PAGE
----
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BW Businessworld

Varieties Of Chaos

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I recently went to Bombay after a long time. Cities change gradually; those who inhabit them do not notice the change. It takes an infrequent visitor to see the change. The first thing one notices is the traffic jams. Bombay was perfectly designed for them. It is a long, narrow city. There is only one laboriously carved-out north-south artery; another further east, starting from the docks and following the Central railway, is not nearly so popular since it does not pass through middle-class residential areas. The local authorities had done much to widen and straighten out the western artery. They even added a toll bridge parallel to a part of it to speed up traffic. Despite all their ingenuity, this artery is now choked. It took me two hours to go from Santa Cruz to Colaba, and another two hours back. It would be unwise to go to Bombay for a day, hoping to finish some business and come back the same day.

One consequence of this clogged artery is the deterioration in the manners of Bombay drivers. They used to be the best in India. I remember driving to Bombay forty years ago in my first car, an Ambassador. I was worried about how I would manage on Bombay's crowded roads. Driving there turned out to be a pleasure; the drivers were so well behaved that a Delhiwallah felt like a savage. But not any more. Drivers have no compunction about cutting across the most crowded traffic and holding up everyone. Their incivility has a reason: the traffic is so heavy that if they waited courteously, they might never be able to cross. Unlike in Delhi, where dividers have been built along all roads wide enough to accommodate them, the Bombay police put up moveable barriers, presumably because they give them more flexibility and cost less. But the result is considerable crossing across the barriers, with attendant disruption of traffic. And coming from Delhi, one is shocked by the dirt on Bombay roads; the local authorities do not seem to have much control on their cleaning staff.

Another consequence is that the centre of gravity of the city has moved northwards. Rama Bijapurkar, the bellwether of Bombay's business fashion, has moved from south Bombay to Parel; the rest of businesses seem to have moved with her, or ahead of her. Bandra-Kurla is, of course, famous. But that is more because of the swank offices of a few big businesses there. Of the rest, some have moved to Parel, where the textile mills, sent into bankruptcy forty years ago by a socialist government, are being dismantled. But the rest have moved here and there. The city is now dotted with high-rise buildings. They still provide only a small proportion of built-up space, but they are more likely to house businesses, which can pay the high rents.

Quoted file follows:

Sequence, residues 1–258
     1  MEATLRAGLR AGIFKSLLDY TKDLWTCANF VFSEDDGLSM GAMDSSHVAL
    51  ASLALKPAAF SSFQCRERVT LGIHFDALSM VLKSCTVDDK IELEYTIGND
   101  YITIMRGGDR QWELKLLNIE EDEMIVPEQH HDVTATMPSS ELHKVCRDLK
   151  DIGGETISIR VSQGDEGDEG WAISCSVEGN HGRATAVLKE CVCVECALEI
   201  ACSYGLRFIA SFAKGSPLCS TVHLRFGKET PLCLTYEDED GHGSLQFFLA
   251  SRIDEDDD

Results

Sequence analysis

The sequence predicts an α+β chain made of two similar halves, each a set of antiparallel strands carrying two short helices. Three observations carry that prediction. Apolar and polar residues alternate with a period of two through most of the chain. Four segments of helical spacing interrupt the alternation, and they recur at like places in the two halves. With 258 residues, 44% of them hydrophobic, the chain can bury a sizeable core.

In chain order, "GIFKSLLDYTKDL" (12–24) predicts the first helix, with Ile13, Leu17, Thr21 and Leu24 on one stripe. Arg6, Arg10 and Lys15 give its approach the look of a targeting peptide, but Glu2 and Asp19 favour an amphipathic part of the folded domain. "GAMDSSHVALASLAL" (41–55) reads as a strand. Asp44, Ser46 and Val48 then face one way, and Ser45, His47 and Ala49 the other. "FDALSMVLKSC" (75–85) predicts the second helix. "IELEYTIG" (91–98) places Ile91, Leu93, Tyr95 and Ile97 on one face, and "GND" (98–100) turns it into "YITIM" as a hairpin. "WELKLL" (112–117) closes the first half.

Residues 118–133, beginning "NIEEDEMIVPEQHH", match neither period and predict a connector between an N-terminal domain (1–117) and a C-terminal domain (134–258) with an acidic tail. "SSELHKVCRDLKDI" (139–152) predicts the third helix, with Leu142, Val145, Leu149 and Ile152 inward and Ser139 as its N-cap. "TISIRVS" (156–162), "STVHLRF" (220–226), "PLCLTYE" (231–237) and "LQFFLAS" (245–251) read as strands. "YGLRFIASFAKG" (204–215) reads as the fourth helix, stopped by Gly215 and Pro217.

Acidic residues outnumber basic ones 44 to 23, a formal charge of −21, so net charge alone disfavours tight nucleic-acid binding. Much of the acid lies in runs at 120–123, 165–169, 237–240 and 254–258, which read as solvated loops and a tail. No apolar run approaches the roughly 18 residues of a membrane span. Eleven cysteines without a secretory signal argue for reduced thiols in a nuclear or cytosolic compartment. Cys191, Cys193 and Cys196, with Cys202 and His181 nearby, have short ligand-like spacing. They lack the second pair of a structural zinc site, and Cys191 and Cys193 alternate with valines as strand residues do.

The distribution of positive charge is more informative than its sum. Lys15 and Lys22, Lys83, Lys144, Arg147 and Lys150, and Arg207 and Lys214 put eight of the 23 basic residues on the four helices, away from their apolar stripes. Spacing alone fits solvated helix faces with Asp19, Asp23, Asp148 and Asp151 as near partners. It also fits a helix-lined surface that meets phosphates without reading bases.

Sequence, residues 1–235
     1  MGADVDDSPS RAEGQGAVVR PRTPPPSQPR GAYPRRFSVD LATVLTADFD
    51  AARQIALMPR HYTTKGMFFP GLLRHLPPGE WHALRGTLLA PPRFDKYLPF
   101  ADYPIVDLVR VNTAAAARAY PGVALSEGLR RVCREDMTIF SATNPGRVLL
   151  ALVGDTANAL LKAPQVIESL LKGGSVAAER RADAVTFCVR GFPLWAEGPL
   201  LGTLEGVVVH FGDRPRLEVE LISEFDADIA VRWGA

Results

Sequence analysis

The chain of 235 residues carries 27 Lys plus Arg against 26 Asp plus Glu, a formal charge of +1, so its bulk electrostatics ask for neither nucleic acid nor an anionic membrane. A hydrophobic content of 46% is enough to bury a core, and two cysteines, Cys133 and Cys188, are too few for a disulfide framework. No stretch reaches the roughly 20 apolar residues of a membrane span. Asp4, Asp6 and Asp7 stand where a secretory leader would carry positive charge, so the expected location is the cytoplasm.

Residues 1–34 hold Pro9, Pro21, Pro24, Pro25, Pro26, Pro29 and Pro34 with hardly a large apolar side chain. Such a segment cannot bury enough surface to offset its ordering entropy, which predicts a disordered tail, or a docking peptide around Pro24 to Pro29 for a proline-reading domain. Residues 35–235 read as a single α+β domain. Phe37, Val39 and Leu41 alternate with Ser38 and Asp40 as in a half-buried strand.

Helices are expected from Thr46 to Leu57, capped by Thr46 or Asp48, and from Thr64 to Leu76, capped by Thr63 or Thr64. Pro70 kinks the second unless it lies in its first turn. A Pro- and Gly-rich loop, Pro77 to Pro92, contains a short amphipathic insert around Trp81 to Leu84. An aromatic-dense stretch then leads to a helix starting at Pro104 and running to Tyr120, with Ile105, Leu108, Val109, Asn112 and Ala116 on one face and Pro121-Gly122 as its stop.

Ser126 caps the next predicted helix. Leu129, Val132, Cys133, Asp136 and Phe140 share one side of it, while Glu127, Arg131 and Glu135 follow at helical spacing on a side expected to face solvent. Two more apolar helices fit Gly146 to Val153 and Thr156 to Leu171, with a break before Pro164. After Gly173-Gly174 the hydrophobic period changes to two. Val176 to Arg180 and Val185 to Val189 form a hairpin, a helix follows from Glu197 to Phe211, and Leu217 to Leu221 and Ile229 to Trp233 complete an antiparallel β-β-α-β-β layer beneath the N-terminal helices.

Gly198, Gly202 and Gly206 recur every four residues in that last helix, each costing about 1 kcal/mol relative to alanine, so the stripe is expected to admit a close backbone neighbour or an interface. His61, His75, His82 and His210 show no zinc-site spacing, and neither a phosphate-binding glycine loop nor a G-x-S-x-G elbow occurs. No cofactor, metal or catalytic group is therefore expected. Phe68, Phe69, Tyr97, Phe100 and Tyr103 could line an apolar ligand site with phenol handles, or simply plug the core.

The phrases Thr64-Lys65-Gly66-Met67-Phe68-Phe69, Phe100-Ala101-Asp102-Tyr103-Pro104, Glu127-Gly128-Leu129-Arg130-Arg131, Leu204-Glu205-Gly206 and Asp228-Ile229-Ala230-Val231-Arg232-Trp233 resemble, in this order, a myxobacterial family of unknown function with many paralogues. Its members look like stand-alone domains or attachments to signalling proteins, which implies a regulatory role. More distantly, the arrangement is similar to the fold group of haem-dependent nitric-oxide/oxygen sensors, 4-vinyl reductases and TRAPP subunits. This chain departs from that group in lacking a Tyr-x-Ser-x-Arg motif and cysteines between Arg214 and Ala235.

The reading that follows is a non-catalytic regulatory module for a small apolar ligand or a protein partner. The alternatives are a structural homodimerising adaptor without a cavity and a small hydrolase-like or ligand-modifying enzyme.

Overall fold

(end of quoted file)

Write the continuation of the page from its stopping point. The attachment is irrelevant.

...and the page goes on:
The third consequence, as Rama points out, is that business has moved out of Bombay. Office space is absurdly costly there; and as the arteries have clogged up, it is just too much bother to collect employees in one central office every day and send them home in the evening. When I was a young bachelor, I used to live in Colaba, with a view of the sea, walk to work in the university, and eat in the great variety of restaurants on the way. Then I got married and was asked to vacate my room by my landladies. I found a flat in Santa Cruz, but the commute was too bothersome, so I moved to Delhi. I was a pioneer; forty years later, a lot of business offices have moved to Gurgaon, which looks like a 21st century Bombay. It would attract even more business if the governments of Haryana were not so corrupt. Power and water supply in Gurgaon are as bad as in Calcutta. But because of good roads spreading off the Delhi-Jaipur highway, and of the proximity of Delhi airport, which now claims to be one the world's best four, Gurgaon continues to attract offices, and accommodate employees of those offices.

Poona continues to do well for the same reason — the Bombay-Poona road provides the artery along which so many factories and offices have settled. I think it is the next Bombay. It can still spread out in all directions. It has good weather, and some great landscapes. Poona city is as congested as any Indian city; but so it was even half a century ago, so development has just left the city centre behind and spread all around it. If the local administration had any sense, it would develop the city centre as a traffic-free tourist destination; instead, it is a crowded jungle of kirana shops. Still, Poona outside its centre is one of the future cities. Half a century from now, the great metros of today will be backwaters, just like Poona city, and over a dozen new 1-crore cities will come up whose names we do not yet know. I hope though, that they will be easier to get around than the metros of today.

The author is Consultant Editor of Businessworld. ashok(dot)desai(at)gmail(dot)com

(This story was published in Businessworld Issue Dated 31-10-2011)